• Fun


    • Fun is the enjoyment of pleasure, particularly in leisure activities. Fun is an experience — short-term, often unexpected, informal, not cerebral and generally purposeless. It is an enjoyable distraction, diverting the mind and body from any serious task or contributing an extra dimension to it. Although particularly associated with recreation and play, fun may be encountered during work, social functions, and even seemingly mundane activities of daily living. It may often have little to no logical basis, and opinions on whether or not an activity is fun may differ. A distinction between enjoyment and fun is difficult but possible to articulate, fun being a more spontaneous, playful, or active event. There are psychological and physiological implications to the experience of fun.

      The word is associated with sports, high merriment, and amusement. Although its etymology is uncertain, it may be derived from fonne (fool) and fonnen (the one fooling the other). Its meaning in 1727 was "cheat, trick, hoax", a meaning still retained in the phrase "to make fun of".

      The landlady was going to reply, but was prevented by the peace-making sergeant, sorely to the displeasure of Partridge, who was a great lover of what is called fun, and a great promoter of those harmless quarrels which tend rather to the production of comical than tragical incidents.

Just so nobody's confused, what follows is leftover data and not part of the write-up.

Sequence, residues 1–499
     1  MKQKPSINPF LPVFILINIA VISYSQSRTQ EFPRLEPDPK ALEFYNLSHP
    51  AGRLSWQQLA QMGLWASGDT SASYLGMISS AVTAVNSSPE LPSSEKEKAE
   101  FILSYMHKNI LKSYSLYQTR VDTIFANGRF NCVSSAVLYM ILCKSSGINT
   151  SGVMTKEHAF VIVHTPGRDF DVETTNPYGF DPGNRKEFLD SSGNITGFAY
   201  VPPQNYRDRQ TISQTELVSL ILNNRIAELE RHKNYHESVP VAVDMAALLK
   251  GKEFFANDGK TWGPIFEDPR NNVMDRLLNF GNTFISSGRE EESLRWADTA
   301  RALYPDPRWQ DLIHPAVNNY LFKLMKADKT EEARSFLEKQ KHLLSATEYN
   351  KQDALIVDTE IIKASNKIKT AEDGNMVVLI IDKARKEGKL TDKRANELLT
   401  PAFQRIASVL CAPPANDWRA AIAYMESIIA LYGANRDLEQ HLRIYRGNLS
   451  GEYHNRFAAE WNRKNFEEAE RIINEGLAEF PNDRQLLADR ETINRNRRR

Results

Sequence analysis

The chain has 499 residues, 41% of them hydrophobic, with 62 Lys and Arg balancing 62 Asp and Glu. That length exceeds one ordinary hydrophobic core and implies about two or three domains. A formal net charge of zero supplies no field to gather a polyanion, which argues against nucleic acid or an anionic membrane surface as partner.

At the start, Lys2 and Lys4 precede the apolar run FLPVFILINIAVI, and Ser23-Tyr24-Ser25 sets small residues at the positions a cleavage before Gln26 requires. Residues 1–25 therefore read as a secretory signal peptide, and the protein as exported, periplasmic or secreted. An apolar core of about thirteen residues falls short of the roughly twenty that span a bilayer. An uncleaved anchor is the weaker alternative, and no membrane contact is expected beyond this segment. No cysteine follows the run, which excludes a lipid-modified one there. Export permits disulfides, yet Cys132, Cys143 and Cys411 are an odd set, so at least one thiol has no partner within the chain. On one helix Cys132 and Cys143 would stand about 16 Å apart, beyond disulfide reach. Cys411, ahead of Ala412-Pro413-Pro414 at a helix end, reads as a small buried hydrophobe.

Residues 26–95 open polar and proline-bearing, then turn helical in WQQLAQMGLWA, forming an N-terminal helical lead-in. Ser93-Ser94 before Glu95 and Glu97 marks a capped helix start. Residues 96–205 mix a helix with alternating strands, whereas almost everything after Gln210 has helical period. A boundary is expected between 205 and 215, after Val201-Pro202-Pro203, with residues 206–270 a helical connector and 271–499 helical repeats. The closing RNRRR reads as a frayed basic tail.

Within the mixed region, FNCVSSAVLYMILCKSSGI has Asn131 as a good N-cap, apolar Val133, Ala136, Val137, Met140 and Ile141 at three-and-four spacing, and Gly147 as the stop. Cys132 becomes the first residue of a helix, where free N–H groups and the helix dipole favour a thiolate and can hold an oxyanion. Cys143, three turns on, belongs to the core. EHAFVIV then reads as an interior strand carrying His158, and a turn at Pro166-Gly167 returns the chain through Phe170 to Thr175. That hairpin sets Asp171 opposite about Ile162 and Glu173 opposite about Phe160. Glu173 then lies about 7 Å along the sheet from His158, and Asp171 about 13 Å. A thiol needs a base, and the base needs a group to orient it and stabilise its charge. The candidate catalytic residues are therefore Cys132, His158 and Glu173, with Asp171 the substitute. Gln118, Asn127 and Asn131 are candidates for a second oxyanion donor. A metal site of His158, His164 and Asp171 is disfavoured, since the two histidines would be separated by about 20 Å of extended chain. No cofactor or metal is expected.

Henry Fielding, The History of Tom Jones, a Foundling (1749)

      The way the word "fun" is used demonstrates its distinctive elusiveness. Expressions such as "Have fun!" and "That was fun!" indicate that fun is pleasant, personal, and to some extent unpredictable. Expressions such as "I was making fun of myself" convey the sense that fun is something that can be amusing and not to be taken seriously. The adjective "funny" has two meanings which often need to be clarified between a speaker and listener. One meaning is "amusing, jocular, droll" and the other meaning is "odd, quirky, peculiar". These differences indicate the evanescent and experiential nature of fun and the difficulty of distinguishing "fun" from "enjoyment".

      Fun's evanescence can be seen when an activity regarded as fun becomes goal-oriented. Many physical activities and individual sports are regarded as fun until the participant seeks to win a competition, at which point, much of the fun may disappear as the individual's focus tightens. Surfing is an example. If you are a "mellow soul" (not in a competition or engaging in extreme sport) "once you're riding waves, you're guaranteed to be having ... fun".

      • Yates, Vicki (2008). Having Fun. Heinemann-Raintree Library. ISBN . 
      • Raph Koster (2011), Theory of Fun for Game Design, O'Reilly Media, Inc., ISBN  
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    • Fun